Pakistani Android users hit by spyware campaign with malicious apps

The campaign is sophisticated considering the use of fake yet convincing apps and domains.

The use of the Android smartphone operating system is quite popular in Pakistan but at the same time, it is a lucrative target for cybercriminals and State-backed hackers, thanks to third-party stores. One such example is a recent report from Sophos according to which a sophisticated spyware campaign is targeting Android users in the country with the help of fake apps.

Espionage Operation Against Pakistani Users

Sophos cybersecurity researchers have uncovered a new spyware campaign whose primary targets are Android users in Pakistan. In this campaign, threat actors are using trojanized versions of genuine Android apps to spy on users.

In their report, researchers wrote that they have identified a small ‘cluster of trojanized versions of Android apps,’ modified to add malicious features. These features make the app capable of carrying out surveillance and espionage silently. The clean versions of these apps are available on Google Play Store.



Apps Download a DEX Executable:

The modified apps are identical to their original counterparts and perform their legit functions normally and download a payload as an Android Dalvik executable file after profiling the victim’s phone. Most of the malicious features are embedded in the DEX payload.

This includes discreetly silently exfiltrating sensitive data such as the contact list and SMS messages’ full contents. The information is then sent to several C&C websites hosted by servers located in eastern Europe.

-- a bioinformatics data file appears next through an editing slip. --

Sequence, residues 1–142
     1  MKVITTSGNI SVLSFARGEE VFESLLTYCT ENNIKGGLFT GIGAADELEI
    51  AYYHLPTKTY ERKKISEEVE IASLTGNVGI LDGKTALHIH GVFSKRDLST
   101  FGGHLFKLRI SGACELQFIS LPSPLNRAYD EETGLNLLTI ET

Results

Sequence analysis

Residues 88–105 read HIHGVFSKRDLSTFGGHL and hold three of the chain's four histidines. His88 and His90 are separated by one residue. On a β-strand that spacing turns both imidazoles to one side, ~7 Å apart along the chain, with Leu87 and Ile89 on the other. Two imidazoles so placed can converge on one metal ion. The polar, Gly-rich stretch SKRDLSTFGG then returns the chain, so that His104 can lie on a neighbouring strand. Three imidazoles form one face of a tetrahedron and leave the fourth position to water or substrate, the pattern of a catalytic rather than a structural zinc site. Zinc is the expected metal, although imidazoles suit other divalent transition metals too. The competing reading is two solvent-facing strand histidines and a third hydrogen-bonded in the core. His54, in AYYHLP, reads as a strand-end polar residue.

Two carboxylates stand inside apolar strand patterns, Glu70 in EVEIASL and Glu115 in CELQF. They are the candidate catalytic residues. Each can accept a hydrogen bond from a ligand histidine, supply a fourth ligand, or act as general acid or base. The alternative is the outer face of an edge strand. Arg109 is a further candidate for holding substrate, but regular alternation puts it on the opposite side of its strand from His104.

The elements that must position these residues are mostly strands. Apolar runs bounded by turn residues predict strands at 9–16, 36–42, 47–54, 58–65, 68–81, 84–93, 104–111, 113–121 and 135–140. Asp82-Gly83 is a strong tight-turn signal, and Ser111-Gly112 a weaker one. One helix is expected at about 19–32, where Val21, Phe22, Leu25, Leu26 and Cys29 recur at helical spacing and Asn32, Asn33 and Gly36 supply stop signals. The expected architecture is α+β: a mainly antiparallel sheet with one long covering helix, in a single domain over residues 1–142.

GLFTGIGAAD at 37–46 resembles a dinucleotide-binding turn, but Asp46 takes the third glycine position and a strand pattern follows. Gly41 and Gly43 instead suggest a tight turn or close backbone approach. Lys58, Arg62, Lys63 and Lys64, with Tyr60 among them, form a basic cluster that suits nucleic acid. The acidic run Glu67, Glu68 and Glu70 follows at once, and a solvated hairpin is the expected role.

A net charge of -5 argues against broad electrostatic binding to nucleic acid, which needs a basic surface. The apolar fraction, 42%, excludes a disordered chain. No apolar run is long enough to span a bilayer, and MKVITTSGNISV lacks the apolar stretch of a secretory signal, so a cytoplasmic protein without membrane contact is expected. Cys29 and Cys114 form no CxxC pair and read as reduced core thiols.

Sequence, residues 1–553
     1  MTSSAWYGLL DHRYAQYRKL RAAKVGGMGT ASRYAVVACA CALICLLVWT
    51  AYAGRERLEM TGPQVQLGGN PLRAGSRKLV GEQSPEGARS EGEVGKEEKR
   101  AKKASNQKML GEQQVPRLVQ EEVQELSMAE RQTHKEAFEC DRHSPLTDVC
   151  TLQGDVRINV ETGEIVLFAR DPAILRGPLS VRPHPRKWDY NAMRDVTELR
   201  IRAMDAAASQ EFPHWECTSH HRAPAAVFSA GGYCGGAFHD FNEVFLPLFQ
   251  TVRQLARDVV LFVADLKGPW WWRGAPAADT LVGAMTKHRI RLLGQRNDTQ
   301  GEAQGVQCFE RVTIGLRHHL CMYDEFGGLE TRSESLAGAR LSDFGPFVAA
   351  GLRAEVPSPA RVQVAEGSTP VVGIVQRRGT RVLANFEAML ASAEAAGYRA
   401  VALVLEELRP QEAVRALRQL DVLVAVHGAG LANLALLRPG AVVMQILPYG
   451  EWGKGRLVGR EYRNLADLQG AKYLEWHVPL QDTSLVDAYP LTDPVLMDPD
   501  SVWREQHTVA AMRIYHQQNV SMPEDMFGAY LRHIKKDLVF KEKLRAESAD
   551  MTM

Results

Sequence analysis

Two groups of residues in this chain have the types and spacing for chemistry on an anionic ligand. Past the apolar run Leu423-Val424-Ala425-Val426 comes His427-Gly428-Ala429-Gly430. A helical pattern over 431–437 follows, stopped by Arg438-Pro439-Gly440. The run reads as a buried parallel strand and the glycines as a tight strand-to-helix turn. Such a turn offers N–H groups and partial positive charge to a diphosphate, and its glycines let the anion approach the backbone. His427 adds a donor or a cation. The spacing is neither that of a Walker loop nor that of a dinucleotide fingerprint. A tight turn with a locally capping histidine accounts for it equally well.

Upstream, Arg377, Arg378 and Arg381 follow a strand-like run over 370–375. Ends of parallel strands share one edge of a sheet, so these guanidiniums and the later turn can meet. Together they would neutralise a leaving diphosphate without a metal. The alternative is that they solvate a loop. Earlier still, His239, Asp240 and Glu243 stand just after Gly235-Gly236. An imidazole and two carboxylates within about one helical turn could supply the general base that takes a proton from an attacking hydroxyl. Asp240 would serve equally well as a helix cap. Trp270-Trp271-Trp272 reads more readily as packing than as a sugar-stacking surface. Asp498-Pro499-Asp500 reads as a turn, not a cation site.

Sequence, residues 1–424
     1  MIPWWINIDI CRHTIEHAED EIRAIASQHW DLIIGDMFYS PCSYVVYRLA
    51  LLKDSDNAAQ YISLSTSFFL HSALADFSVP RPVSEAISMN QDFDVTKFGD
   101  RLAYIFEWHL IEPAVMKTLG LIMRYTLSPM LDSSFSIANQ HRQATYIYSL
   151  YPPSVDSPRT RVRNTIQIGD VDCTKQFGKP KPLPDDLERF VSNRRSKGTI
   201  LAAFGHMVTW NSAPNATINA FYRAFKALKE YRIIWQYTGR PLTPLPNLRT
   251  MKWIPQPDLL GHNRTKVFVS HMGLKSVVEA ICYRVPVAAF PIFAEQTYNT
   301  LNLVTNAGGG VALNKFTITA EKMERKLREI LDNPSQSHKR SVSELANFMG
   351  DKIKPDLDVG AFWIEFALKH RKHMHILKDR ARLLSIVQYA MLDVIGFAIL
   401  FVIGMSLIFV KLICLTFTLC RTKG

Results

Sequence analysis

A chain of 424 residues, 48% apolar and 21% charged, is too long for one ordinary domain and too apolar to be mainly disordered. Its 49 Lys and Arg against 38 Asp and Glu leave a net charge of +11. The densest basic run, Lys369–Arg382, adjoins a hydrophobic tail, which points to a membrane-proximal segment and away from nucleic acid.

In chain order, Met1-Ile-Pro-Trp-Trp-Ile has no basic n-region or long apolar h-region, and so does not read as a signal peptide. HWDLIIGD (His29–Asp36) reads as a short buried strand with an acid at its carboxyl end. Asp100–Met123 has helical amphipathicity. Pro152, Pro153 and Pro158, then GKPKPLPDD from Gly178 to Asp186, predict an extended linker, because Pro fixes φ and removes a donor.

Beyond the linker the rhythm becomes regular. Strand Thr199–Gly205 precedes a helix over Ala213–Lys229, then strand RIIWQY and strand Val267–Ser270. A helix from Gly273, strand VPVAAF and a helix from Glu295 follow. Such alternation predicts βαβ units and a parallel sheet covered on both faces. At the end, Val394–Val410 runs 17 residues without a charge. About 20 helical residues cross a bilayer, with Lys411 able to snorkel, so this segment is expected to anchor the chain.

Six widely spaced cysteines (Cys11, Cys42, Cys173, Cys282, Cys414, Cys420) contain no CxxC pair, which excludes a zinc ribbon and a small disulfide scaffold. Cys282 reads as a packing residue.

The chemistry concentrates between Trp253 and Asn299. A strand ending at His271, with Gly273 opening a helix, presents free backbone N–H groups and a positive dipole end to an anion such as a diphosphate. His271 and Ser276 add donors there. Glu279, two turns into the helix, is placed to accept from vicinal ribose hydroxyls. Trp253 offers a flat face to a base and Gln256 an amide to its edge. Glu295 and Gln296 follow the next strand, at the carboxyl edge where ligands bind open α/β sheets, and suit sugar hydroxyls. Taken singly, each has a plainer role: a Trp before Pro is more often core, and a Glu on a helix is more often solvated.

‘Highly Peculiar’ Selection of Apps

The trojanized apps are disguised as popular Pakistani apps, including:

  • The Pakistan Citizen Portal
  • Registered SIMs Checker
  • Mobile Packages Pakistan TPL insurance
  • Pakistan Salat Time – a Muslim prayer time app

Malicious apps spreading through 3rd-party stores popular in Pakistan.

According to Andrew Brandt and Pankaj Kohli from the Sophos threat analysis team, the Pakistan Citizen Portal’s fake version was also displayed as a static image on the Trading Corporation of Pakistan website, probably to lure unsuspecting users into downloading the malicious app.

Fake/malicious website spreading a trojanized version of Pakistan Citizen Portal app.

Sophos researchers also identified another malicious app called Pakistan Chat, which leveraged a legitimate chat service ChatGum’s API, but didn’t distribute a payload. After it is installed, the app asks for intrusive permissions, including accessing the file system, contacts, microphone, location, and read SMS messages.



A Singular Purpose:

Sophos researchers believe that the trojanized apps have just a single purpose: to spy and exfiltrate data from the infected device. These apps can send the phone’s unique IMEI identifier to the C&C server and relay detailed profile information, including call logs and a full directory listing of the device’s internal card storage.

Additionally, Pakistan Citizen Portal’s fake version can transmit sensitive data such as the user’s computerized NIC (national identity card), passport data, Facebook, or other social media accounts credentials.

Prayer timing app asking for Microphone and other unnecessary access.

That’s why it is important to stick to reliable sources like Google Play Store to download third-party apps, researchers recommended. It is also necessary to scrutinize app permissions before installing them.

“In the current Android ecosystem, apps are cryptographically signed as a way to certify the code originates with a legitimate source, tying the app to its developer. However, Android doesn’t do a good job exposing to the end-user when a signed app’s certificate isn’t legitimate or doesn’t validate. As such, users have no easy way of knowing if an app was indeed published by its genuine developer,” researchers advised in their blog post.

“This allows threat actors to develop and publish fake versions of popular apps. The existence of a large number of app stores, and the freedom of users to install an app from practically anywhere makes it even harder to combat such threats,” researchers concluded.

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